Oilers sticking close to home
DEREK VAN DIEST, QMI Agency
|The Edmonton Oilers' Nick Schultz takes part in the Pros 4 Goals hockey camp at the Terwillegar Community Rec Centre, 2051 Leger Road, Thursday October 18, 2012. Five members of the Edmonton Oilers took part in the event which was a fundraiser for the Stollery Children's Hospital and Sports Central. The event gave 30 young hockey players the chance to skate with and learn from the Oiler players. (QMI Agency/DAVID BLOOM)
EDMONTON - There was early evidence of a long battle brewing.
Pretty much any hope of a peaceful labour negotiation between the NHL and its players’ association were dashed by the league’s initial proposal this summer.
While some simply considered it the first step in negotiations, others believed the league’s offer was so low, the gulf it created between the two sides would be too wide to bridge before the scheduled start of the season.
As a result, some players started making alternate plans even before the lockout was officially announced.
Others have decided to try to stick it out for now.
“It’s been tough, I went back to Montreal to play in a tour with a bunch of NHL players who were in Montreal and Quebec City to play games,” said Edmonton Oilers centre Eric Belanger.
“I went back last week to play in two games and it was fun. It’s the closest I’ve been to a game since April 7, so it was good to do that. I’ve been skating with the (University of Alberta) Golden Bears, who have been nice enough to let us skate with them. That’s as close to hockey action that we’ve been having.”
Belanger was around for the lockout in 2004.
Back then, he decided to go to Italy, where he suited up briefly for HC Forst Bolzano.
This time, however, things are a little different — at least for the moment.
“I think it’s better than it was in 2004,” Belanger said. “We don’t see the sides being too far apart. I think the system is in place, now it’s just a matter of sitting down and making sure everybody is happy with the deal.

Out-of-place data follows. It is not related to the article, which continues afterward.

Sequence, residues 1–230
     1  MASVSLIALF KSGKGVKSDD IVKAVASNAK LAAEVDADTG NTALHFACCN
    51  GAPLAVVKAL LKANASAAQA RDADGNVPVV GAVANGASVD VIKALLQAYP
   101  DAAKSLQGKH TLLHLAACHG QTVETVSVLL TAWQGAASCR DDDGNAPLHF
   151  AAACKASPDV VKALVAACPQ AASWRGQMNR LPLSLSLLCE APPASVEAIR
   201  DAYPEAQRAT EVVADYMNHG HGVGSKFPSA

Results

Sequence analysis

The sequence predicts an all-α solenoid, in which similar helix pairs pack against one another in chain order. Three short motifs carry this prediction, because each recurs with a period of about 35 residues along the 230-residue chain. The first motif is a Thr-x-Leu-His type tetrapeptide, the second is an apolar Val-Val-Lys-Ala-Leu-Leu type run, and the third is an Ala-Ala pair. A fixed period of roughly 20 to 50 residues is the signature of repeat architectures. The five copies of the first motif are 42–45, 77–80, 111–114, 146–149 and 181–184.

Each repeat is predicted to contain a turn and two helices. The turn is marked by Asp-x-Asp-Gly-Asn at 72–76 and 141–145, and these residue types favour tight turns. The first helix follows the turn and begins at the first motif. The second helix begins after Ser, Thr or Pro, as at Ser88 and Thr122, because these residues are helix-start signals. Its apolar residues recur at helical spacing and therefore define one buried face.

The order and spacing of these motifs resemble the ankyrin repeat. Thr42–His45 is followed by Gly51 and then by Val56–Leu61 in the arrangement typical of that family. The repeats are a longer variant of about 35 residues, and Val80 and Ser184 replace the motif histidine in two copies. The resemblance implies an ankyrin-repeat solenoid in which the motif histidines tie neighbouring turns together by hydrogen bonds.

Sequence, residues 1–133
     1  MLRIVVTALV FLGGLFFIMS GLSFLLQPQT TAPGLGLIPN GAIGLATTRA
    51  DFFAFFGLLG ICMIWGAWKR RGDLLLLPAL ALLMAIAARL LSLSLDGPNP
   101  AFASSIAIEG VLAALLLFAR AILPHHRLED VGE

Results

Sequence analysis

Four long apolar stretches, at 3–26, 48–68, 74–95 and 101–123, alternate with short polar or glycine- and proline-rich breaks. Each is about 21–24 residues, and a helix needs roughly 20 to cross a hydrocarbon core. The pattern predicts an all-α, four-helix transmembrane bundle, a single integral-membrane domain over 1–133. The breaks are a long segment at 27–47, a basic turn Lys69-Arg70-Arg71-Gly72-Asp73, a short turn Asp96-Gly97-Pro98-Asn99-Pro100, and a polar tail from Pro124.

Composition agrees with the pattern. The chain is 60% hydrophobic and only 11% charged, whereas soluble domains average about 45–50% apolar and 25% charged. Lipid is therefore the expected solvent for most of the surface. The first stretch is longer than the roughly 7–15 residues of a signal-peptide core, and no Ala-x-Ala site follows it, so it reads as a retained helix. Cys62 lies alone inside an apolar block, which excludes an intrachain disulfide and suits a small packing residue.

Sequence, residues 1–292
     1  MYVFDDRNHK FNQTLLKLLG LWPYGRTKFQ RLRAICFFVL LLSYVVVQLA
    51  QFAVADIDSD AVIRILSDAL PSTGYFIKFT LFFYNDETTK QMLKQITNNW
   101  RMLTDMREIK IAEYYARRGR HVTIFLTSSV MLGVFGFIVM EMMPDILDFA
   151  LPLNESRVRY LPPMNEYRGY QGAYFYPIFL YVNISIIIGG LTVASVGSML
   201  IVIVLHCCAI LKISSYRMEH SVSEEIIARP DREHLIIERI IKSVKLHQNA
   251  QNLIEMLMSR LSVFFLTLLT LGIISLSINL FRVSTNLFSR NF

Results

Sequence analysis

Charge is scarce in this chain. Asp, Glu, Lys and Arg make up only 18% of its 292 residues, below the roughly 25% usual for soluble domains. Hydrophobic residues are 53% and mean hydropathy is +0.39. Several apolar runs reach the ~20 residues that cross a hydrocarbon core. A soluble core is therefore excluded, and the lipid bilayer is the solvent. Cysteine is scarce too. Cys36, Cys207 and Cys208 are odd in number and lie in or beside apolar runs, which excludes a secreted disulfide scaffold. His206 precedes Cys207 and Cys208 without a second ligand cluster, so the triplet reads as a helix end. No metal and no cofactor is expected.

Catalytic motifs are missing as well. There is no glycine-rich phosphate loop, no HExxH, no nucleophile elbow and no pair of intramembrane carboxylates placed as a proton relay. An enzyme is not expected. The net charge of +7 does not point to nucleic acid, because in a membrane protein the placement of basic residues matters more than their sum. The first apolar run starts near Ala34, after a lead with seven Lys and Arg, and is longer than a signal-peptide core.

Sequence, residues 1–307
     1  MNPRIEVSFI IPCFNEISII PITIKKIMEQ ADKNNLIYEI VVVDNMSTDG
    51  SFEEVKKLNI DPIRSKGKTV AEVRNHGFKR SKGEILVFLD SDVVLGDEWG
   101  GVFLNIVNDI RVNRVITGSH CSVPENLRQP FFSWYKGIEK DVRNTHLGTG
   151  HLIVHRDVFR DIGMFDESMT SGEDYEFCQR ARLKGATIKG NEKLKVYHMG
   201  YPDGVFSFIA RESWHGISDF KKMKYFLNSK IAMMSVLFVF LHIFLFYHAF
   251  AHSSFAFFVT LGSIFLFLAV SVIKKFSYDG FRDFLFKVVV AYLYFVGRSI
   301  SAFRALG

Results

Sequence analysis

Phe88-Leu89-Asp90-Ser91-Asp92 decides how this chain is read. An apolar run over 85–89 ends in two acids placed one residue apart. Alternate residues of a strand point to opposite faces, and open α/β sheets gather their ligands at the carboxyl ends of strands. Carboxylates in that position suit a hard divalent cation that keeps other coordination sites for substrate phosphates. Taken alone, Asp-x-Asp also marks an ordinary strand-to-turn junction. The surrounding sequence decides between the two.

“With two kids going to school, going to Europe is not that simple. You go over there, it’s not the NHL. I know that this time around it’s not going to be that long. I’m confident that we’re going to play this year. Last time, we knew we were going to be out for a long time.”
One of the perks of a work stoppage for Belanger and other players with families is getting an opportunity to spend more time at home.
“It’s been kind of nice having him be able to help out with the kids,” said Belanger’s wife, Alexandra. “He’s never around at this time of year, so he’s enjoying being able to bring the kids to their sporting events and be there for school events.
“We’re taking advantage of this, hoping that it’s not going to be for long. It’s just a little taste of what retirement is going to be like. For now we’re enjoying it and it’s fine, but don’t get me wrong, we can’t wait for hockey to start.”
That sentiment is shared by Oilers defenceman Nick Schultz, whose family settled in the community after he was traded to Edmonton at the deadline last season,.
Schultz, who played in Germany during the previous lockout, is going to wait out the lockout as he can.
“Back then, I was young, my wife and I were dating at the time, we didn’t have any kids or anything,” Schultz said. “But they told us right away it (2004 lockout) was going to be a long time, it was essentially about a cap or no cap, and the line was drawn in the sand.
“At that time, I was a young player, I had only been in the league for a couple of years, so I left right away. I missed the first weekend of games in Europe and I went to Germany for the year. It was a great experience, but obviously I would have rather been playing in the NHL.”
Schultz played with the Kassel Huskies during the previous lockout, collecting 22 points in 46 games.
“Right now it’s tough to go away, we have three young kids,” Schultz said. “Moving here over the summer, I wanted to get them settled and comfortable here. It will make it a lot easier for myself and my family for when things get going.”